Банкеръ Weekly



The novices of the International Monetary Fund (IMF) made haste to meet the novices of the Council of Ministers. Jerald Shiff, who succeeded Juha Kahkonen as IMF mission leader for Bulgaria, and Piritta Sorsa, who will replace Peter Stella as resident representative of IMF in Sofia, paid a 2-day visit to get acquainted with the Bulgarian isntitutions that will be under their guardianship for at least two years. In the morning on July 25 Peter Stella introduced the two IMF officials to Bulgarian National Bank Governor Svetoslav Gavrijsky, and afterwards they met the former deputy finance ministers and the new Minister of Finance Milev Velchev. During the talks and at the business lunch that followed, Jerald Shiff and Piritta Sorsa were acquinted with the macroeconomic situation in the country and with the fulfillment of the 2001 budget. On the next day both of them enriched their information at the Ministry of Labour and Social Affairs and at the Ministry of Agriculture. The syndicates also added something to their files with their demands for payment of an extra 13th pension and a 13th salary. The tour of Mr. Shiff and Ms. Sorsa ended by a meeting with the new Bulgarian Premier Simeon Saxe-Coburg-Gotha. However, details about that meeting will become known to the public... when the time comes.
The real work of the two IMF officials will begin in September when they will arrive in Bulgaria to discuss the terms at which Simeon's Government could close a new agreement with the IMF. During its second visit, the IMF mission is expected to get acquainted with the 2002 draft budget and with the projected amendments to taxation legislation.
According to Mr. Shiff, who is a straightforward monetarist, the Government should be following a policy that would guarantee the achieved financial stability in the country, and should draft a budget with the minimum possible deficit. He emphasized that the Cabinet of Simeon Saxe-Coburg-Gothat should continue the structural reform, which means that the promised privatisation of top state-run companies, such as Bulgartabac, the Bulgarian Telecommunications Company, Biochim commercial bank, and DSK State Savings Bank, should be effected.
Financiers who know Jerald Shiff claim that by nature he very much resembles the unforgettable for Bulgarians former IMF mission leader Anne McGuirk, and he would not allow the Government to go astray from IMF's requirements. He is neither like to tolerate an aggressive reduction of taxes or rash increase of budget expenditures on pensions and salaraies if he has even the slightest doubt that such a policy would lead to a higher budget deficit and pose danger of higher inflation.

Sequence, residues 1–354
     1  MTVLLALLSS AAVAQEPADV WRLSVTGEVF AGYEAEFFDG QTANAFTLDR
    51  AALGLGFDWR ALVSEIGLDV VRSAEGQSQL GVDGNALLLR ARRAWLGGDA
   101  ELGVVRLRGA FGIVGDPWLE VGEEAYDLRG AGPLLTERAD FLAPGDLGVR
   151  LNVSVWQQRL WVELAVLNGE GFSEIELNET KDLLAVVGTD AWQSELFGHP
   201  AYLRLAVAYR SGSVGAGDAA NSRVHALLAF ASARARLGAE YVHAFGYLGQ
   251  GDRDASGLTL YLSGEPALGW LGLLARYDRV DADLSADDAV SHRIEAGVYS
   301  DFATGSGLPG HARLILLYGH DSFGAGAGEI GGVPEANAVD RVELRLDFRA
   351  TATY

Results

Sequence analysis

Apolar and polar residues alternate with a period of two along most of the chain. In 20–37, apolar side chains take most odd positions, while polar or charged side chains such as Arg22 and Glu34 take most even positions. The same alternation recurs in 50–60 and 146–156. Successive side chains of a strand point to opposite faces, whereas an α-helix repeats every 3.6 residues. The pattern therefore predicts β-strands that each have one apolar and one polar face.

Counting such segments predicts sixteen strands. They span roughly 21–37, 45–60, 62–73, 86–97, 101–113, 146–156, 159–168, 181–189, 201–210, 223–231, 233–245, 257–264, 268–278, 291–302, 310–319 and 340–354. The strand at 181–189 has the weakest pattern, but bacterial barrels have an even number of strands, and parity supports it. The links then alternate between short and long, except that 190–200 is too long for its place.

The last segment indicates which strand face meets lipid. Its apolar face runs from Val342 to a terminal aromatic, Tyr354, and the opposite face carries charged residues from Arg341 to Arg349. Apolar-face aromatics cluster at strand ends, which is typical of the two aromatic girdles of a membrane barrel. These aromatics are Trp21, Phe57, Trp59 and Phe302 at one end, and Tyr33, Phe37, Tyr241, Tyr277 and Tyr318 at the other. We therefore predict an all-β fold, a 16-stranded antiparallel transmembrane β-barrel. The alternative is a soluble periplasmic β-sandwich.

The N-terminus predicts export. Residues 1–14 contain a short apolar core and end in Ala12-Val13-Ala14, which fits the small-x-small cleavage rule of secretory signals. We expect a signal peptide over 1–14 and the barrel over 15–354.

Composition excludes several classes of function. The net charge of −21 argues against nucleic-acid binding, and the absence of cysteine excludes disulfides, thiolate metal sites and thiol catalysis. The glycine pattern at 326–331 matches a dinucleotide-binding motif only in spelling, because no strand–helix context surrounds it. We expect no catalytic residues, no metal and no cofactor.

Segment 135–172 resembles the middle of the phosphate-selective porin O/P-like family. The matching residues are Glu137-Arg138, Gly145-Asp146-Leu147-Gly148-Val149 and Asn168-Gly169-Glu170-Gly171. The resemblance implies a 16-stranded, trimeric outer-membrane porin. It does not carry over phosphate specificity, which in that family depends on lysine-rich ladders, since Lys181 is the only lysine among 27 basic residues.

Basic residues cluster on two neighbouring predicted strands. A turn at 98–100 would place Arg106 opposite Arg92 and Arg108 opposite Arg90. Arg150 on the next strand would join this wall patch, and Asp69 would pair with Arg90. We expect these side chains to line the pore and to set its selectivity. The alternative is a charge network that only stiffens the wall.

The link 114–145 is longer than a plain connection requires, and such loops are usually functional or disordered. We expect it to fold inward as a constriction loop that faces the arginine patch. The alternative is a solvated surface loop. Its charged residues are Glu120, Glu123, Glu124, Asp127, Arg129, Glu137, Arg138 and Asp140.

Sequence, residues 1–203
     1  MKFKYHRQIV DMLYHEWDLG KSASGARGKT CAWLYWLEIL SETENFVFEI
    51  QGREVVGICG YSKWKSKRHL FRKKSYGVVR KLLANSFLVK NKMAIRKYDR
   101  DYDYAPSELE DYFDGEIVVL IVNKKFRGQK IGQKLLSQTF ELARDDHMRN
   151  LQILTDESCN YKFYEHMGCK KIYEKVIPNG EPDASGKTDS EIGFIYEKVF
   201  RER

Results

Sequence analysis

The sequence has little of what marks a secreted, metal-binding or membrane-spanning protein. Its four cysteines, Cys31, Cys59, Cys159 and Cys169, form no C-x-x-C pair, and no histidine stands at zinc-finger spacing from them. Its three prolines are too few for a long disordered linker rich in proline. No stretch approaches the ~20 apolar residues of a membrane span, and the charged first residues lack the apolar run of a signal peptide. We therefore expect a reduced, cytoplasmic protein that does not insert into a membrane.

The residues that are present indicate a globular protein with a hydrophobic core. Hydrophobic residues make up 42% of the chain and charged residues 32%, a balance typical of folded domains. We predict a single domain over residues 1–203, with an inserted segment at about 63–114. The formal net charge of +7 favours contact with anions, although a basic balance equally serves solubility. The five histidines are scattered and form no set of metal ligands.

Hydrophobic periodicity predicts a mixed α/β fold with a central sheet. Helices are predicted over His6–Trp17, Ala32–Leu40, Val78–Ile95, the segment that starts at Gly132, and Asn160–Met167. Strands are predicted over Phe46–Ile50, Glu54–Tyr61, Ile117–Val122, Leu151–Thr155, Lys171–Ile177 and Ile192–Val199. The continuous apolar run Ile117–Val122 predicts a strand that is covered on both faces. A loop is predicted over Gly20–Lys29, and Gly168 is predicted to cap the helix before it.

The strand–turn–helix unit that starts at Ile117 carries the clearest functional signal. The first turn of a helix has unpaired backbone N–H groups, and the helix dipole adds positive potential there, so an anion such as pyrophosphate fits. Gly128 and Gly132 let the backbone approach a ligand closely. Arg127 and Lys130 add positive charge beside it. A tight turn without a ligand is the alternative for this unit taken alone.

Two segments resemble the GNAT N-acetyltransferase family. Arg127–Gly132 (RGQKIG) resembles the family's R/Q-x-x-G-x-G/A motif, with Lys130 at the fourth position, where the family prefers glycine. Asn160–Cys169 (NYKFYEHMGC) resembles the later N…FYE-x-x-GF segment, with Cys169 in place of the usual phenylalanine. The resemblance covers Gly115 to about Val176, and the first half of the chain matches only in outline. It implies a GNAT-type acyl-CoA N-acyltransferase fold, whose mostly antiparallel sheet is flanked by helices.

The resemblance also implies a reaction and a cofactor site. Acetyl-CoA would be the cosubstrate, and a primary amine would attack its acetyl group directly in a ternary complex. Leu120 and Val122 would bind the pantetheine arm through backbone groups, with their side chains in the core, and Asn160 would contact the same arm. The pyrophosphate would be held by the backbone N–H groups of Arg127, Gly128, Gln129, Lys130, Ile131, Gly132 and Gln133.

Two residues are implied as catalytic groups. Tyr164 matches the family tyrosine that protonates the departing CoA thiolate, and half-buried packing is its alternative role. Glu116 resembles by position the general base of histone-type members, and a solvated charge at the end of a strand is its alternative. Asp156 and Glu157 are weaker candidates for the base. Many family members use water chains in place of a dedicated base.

We we expecting Bulgaria's economy to achieve some 5% growth this year and the processes have been more or less developing along these lines so far, Jerald Shiff was pleased to say.
However, Mr. Shiff did not miss to point out that despite the achieved stable basis of Bulgarian economy, it is still exposed to risks. According to him, these risks are presently connected with processes outside this country, such as the slowing down of economic growth in the European Union and the crisis in Turkey, which means they should not be ingnored. He stressed that the ministers in Simeon's Cabinet should even double their attention and pull themselves together if they are resolved to succeed.
In that context, the Finance Minister Milen Velchev shared with the IMF new mission leader the Government's intentions for changes in the sphere of tax reforms and in the budget. Mr. Velchev said the accent was laid on individual tax reforms, proposed by the National Movement Simeon II and the real importance of each of them. The most important among them are the proposed tax-exemption of reinvested companies' profit and reduction of the natural persons' incomes tax. The Government will also insist on postponing the introduction of VAT for tourist services by one more year, the Finance Minister added.
Jerald Shiff said he did not have any preferences regarding the new agreement between Bulgaria and the IMF. It could be for one year or for a shorter period. This is something we should discuss in September. In any case, it will not be for 3 years as the previous agreement was, Mr. Shiff was adamant. This is due to the much better economic situation in Bulgaria, he explained.
It will become known in the autumn if it will be a stand-by or a precautionary agreement. To the BANKER weekly's question what kind of agreement the IMF would prefer Mr. Shiff replied that precautionary agangements are also a kind of stand-by agreements. The only difference is in whether your country intends to draw credits from the IMF or will do that just in case it needs funds urgently to cover deficit in the payment balance, Mr. Shiff explained.
The significant payments - exceeding USD1.3NB - which Bulgaria should make next year presuppose that the Government will prefer to close an agreement that would gurantee regular financial injections from the IMF. For that purpose, however, the Cabinet should within a very short term draft a strict budget, a programme for privatisation and for restructuring of the energy sector. Moreover, the Government of Simeon Saxe-Coburg-Gotha should abstain from making extravagant decisions in the sphere of taxation policy and should not make haste to loosen the purse-strings of the budget for large expenses. Otherwise, the Government's negotiantions with the IMF will be difficult.

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